a trough in said land connecting each pair of said chambers and being narrower than the diameter of either connected chamber, said trough being recessed into said body deeper than the deepest coin in both full stacks of coins within the connected chambers, said trough being for the purpose of viewing the edges of all coins in the two stacks, and for aiding finger or thumb access to the outermost coins' edges.
3. A coin dispenser from which a user urges out coins with his or her finger or thumb, and with which he or she can carry coins in a clothing pocket, comprising:
a body,
a plurality of substantially cylindrical coin holding chambers for holding coins face to face in stacks with the coins' faces generally parallel to the largest orthogonal face of said body, the coins being axially movable in said chambers,
a pair of ledges opposing each other affixed on said body at one end of each chamber for retaining the coins, all pairs of ledges being on one face of said body, each ledge protruding partway toward the center of its chamber,
an opening in each chamber for an appropriate coin to slide radially beside said pair of ledges into and out of said chamber and said body, said opening being at one end of said pair of ledges,
a land on the same face of said body on which said pairs of ledges are affixed, said land being recessed into said body beyond each pair of ledges and being at the opposite end of each pair of ledges from said opening, said land giving access of the edge of the outermost coin in an adjacent chamber to the urging finger or thumb of the dispenser's user,
a cover attached to the face of said body that is opposite from the face having said pairs of ledges,
an overall thickness dimension of the dispenser being less than the diameter of the largest diameter coin that can be carried in the dispenser,
a floor being at the end of each chamber that is opposite said pair of ledges,
a plate inside each chamber having a diameter slightly smaller than the diameter of its surrounding chamber, said plate located in-between said pair of ledges and said floor,
a compression spring inside each chamber located in-between said floor and said plate for urging coins against said pair of ledges,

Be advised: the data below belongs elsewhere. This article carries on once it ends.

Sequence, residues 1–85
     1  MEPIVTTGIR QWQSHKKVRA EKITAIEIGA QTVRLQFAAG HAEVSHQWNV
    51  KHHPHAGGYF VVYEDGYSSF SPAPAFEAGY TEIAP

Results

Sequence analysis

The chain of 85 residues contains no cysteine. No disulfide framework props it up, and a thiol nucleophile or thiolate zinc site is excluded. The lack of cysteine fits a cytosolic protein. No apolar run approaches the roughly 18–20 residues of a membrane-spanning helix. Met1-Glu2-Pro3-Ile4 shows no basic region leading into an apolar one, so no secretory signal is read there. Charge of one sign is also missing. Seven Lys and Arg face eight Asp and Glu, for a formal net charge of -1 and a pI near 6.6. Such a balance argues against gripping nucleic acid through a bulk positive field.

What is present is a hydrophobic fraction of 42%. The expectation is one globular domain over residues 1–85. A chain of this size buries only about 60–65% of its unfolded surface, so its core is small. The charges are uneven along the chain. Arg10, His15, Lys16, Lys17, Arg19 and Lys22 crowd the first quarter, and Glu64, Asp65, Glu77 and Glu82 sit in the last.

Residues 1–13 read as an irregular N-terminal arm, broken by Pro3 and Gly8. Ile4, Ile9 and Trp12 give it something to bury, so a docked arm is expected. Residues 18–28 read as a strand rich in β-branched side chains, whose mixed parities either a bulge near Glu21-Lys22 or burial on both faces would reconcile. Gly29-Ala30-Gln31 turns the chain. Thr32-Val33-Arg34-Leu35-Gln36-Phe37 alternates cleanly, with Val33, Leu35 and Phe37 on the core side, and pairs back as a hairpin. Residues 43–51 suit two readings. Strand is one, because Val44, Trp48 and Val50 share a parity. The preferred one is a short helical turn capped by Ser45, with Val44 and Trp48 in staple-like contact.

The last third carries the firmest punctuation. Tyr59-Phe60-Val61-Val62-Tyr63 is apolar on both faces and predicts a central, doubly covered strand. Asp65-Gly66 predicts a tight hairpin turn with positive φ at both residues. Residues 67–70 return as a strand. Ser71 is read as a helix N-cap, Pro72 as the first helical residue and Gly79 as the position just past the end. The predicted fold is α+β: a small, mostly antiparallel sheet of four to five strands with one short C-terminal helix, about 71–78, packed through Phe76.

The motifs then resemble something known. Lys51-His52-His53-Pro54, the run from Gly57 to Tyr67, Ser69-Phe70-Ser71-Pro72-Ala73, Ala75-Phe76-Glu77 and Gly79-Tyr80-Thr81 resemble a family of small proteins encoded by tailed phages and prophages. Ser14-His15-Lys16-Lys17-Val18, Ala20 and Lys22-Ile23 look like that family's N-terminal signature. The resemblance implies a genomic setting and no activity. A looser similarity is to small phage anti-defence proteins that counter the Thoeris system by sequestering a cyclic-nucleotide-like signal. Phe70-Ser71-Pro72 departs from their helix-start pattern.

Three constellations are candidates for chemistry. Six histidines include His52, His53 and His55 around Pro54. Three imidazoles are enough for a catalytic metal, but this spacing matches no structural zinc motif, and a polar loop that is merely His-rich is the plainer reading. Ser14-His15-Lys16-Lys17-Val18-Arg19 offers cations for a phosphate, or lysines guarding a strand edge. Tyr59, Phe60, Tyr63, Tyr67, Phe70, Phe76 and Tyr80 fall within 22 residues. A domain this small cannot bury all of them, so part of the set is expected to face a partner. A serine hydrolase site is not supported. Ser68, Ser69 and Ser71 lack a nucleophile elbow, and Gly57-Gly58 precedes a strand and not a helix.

a stub being centrally located on and fixed perpendicular to the face of each plate which is adjacent said spring, said stub having an axial length shorter than the diameter of the affixed plate,
a sleeve fixed to the inside surface of said cover, said sleeve being centered within each chamber and being inside each spring, and
a hole passing through each sleeve and continuing into said cover, said hole having a diameter slightly larger than the diameter of said stub, said stub being engaged with and axially slidable with said hole, said sleeve having a sufficient axial length and said cover being adequately thick whereby said sleeve and said cover substantially encompass said stub when said plate is depressed completely toward said floor, said stub and said hole being for the maintaining of said plate square with its surrounding chamber.
4. The coin dispenser of claim 3, further including:
a trough in said land entering each chamber opposite said opening, said trough being recessed into said body deeper than the deepest coin in a full stack of coins within the entered chamber, said trough being for the purpose of viewing the edges of all coins in the stack and for aiding finger or thumb access to the outermost coin's edge.
5. The coin dispenser of claim 3, further including:
a round cavity centrally located in the outside surface of said cover, and
a round protrusion extending from said land and being coaxially centered with said cavity, said protrusion and said cavity being for the purpose of spinning the dispenser between a user's finger and thumb to quickly access different chambers.
6. The coin dispenser of claim 3, further including:
a round cavity centrally located in the outside surface of said cover, and
a round dimple recessed into said land and being coaxially centered with said cavity, said dimple and said cavity being for the purpose of spinning the dispenser between a user's finger and thumb to quickly access different chambers.
7. The coin dispenser of claim 3 wherein said cover has a snap fit engagement with said body for the assembly of said cover with said body.
8. The coin dispenser of claim 3, further including:
a plurality of sides on the dispenser which are substantially perpendicular to the largest orthogonal face of said body, and
a bevel between an outside surface of said cover and each side, said bevel terminating with said outside surface of said cover at a distance to each adjacent hole that is less than the diameter of said hole.
9. The coin dispenser of claim 8 wherein each bevel has a convex curved surface.
10. The coin dispenser of claim 3, further including:
a continuous side on the dispenser being substantially perpendicular to the largest orthogonal face of said body, and